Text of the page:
The Trudeau Liberals immediately accepted this baseless claim. A cabinet minister, Marc Miller, even publicly called a distinguished professor of history, Jacques Rouillard a “ghoul” for simply suggesting that it is in the interest of all Canadians that excavations should be undertaken at Kamloops to determine the truth. If a cabinet minister says such things, it can safely assumed that many other people are quite willing to lodge anonymous complaints against truth seekers, like this professor.

The prime minister actually gave an explanation of how he views free speech in a candid discussion with a journalist during the truckers’ convoy protest. He said that some Canadians—those opposing vaccine mandates and other forms of excessive government control—had “unacceptable views.” They must be stopped. Only “acceptable views”—his—would be allowed.

The problem with this simplistic view is that there are a myriad of subjects upon which people hold different views. Trudeau sincerely believed that these protesters were wrong, while the protestors just as sincerely believed that he was wrong. Imposing the Emergencies Act over a difference of opinion was an extreme move. We now know that what he did was unconstitutional. Bill C-63 is very similar to the use of the Emergencies Act. Both only make sense to the woke.

The classical liberal truth-based order, so painstakingly constructed, was built on free and raucous discussion. And that is the only way it can be maintained. That free discussion of ideas—no matter how offensive, “hateful,” or irksome they might be to people with different views—is vital to our democratic governance.

The woke view, on the other hand, insists that there are certain fixed ideas, such as systemic racism, trans women are women, etc., that must be accepted by everyone, at any cost.

That’s the fight that is underway now with the Online Harms Bill. One side—the one-third—say that they know the way, and everyone must follow. The other side—the two-thirds—say that no one “knows” the way, but only by free discussion can we find it. That free discussion of ideas is messy. People will have their feelings hurt by discussions that will not always be polite. But that’s exactly what has built our advanced civilization.

Wokeism versus classical liberal truth-based order. That’s what C-63 is about.

Children must be protected. Genocide is bad. No one argues with those things. But free speech must be protected. The one-third of the population who hold “woke” views are absolutely entitled to hold and express those views. But they cannot be allowed to prevent the two-thirds who view the world differently from expressing theirs.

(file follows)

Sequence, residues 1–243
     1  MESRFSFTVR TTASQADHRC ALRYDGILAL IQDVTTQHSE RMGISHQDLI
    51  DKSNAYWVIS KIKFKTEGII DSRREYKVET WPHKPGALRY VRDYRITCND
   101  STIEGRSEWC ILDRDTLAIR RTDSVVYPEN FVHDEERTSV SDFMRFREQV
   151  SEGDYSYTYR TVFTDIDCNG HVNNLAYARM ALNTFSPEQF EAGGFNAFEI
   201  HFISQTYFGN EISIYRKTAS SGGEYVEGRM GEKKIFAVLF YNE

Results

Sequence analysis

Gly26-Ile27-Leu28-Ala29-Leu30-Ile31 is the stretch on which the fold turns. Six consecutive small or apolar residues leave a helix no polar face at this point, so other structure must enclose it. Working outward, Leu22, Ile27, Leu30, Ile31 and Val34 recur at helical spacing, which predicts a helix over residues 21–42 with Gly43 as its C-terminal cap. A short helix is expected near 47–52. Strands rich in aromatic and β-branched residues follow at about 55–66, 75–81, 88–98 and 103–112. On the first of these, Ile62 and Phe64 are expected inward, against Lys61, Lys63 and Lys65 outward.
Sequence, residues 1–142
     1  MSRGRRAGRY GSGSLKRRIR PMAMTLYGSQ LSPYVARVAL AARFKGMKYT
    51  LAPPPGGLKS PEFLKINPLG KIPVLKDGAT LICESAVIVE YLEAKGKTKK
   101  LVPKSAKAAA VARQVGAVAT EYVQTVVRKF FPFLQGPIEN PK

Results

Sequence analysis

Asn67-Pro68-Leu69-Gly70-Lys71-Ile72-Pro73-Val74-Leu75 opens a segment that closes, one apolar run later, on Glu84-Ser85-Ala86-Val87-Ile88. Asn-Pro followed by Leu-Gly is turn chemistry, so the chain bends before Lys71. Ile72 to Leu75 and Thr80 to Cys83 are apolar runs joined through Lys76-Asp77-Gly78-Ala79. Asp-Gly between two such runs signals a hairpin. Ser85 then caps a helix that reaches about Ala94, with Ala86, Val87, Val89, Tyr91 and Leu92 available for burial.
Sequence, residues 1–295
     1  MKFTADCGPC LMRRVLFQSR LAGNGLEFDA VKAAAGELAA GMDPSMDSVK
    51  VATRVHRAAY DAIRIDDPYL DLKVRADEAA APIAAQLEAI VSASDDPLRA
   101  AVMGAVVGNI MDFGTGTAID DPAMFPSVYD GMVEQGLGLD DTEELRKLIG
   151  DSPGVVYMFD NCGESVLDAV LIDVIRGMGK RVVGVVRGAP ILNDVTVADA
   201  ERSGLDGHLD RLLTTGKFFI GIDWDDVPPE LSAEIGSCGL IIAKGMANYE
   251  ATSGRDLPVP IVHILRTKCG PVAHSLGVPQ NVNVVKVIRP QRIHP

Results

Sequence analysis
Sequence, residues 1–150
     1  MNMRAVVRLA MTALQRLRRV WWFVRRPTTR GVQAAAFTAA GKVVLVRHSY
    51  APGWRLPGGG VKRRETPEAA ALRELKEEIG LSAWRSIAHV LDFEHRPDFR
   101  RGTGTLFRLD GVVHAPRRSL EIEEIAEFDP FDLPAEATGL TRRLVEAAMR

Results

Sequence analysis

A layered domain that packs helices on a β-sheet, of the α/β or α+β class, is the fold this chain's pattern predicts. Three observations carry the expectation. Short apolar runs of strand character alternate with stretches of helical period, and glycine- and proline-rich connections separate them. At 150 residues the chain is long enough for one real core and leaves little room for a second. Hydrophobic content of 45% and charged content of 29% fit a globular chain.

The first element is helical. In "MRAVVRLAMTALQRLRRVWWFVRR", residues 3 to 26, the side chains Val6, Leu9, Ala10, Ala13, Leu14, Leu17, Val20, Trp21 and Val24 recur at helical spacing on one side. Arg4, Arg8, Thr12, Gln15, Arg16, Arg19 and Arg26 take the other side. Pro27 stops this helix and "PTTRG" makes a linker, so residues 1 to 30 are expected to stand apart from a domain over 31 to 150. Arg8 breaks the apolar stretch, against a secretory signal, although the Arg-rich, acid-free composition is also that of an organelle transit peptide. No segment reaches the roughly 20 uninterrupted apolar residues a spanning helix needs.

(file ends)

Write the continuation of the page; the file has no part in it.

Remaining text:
Canadians are a trusting people, as Kaufman points out in the above article. And while the roughly two-thirds of the population that does not accept wokeism is identical to the two-thirds in Britain and United States, Canada is different from them in that our Conservative Party has been very reluctant to push back against wokeism, as the Conservatives do in Britain and the Republicans so vigorously do in America. The odd result is that the two-thirds non-woke Canadians tend to trust the one-third woke who have captured the media and our other major institutions. We saw that at work in the government control wielded during the COVID years. Bill C-63 can only make that tendency towards submission worse, by allowing only woke views—acceptable views—to be discussed publicly.

There will be some brave free-speech martyrs, like Levant and Steyn, who will be prepared to soldier on regardless of what legislation the current ideological government passes. But most people who would be inclined to push back against woke mantras—such as “a trans woman is a woman” or “all indigenous claims must be believed”—won’t, even if they know that the claims aren’t true. Canada will become the worse for it.

Wokeism is authoritarian, and will not tolerate free speech.

As drafted, Bill C-63 definitely contravenes Article 2 of the United Nations Declaration of Human Rights, which states that everyone has the right to their “political or other opinion.”

C-63, as drafted, is bad law. It must not be passed.


Brian Giesbrecht, retired judge, is a Senior Fellow at the Frontier Centre for Public Policy